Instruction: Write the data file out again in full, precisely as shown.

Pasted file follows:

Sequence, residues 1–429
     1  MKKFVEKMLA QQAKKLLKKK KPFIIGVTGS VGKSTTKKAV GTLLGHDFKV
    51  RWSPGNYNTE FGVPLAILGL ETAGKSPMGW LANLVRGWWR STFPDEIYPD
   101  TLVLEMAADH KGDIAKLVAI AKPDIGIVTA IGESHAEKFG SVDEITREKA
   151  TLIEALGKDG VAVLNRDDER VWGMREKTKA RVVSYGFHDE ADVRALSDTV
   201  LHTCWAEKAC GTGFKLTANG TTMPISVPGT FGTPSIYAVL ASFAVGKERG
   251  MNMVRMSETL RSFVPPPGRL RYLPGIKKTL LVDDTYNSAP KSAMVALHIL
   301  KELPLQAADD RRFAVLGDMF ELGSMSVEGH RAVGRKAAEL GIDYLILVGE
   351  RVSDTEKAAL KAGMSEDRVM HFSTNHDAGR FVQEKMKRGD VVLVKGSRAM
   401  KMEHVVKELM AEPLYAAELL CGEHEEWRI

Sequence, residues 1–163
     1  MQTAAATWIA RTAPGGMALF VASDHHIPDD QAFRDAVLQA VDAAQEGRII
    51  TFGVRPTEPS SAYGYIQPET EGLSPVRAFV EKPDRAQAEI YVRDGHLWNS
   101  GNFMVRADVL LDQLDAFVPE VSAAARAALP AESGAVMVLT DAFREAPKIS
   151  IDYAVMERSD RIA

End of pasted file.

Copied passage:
Sequence, residues 1–429
     1  MKKFVEKMLA QQAKKLLKKK KPFIIGVTGS VGKSTTKKAV GTLLGHDFKV
    51  RWSPGNYNTE FGVPLAILGL ETAGKSPMGW LANLVRGWWR STFPDEIYPD
   101  TLVLEMAADH KGDIAKLVAI AKPDIGIVTA IGESHAEKFG SVDEITREKA
   151  TLIEALGKDG VAVLNRDDER VWGMREKTKA RVVSYGFHDE ADVRALSDTV
   201  LHTCWAEKAC GTGFKLTANG TTMPISVPGT FGTPSIYAVL ASFAVGKERG
   251  MNMVRMSETL RSFVPPPGRL RYLPGIKKTL LVDDTYNSAP KSAMVALHIL
   301  KELPLQAADD RRFAVLGDMF ELGSMSVEGH RAVGRKAAEL GIDYLILVGE
   351  RVSDTEKAAL KAGMSEDRVM HFSTNHDAGR FVQEKMKRGD VVLVKGSRAM
   401  KMEHVVKELM AEPLYAAELL CGEHEEWRI

Sequence, residues 1–163
     1  MQTAAATWIA RTAPGGMALF VASDHHIPDD QAFRDAVLQA VDAAQEGRII
    51  TFGVRPTEPS SAYGYIQPET EGLSPVRAFV EKPDRAQAEI YVRDGHLWNS
   101  GNFMVRADVL LDQLDAFVPE VSAAARAALP AESGAVMVLT DAFREAPKIS
   151  IDYAVMERSD RIA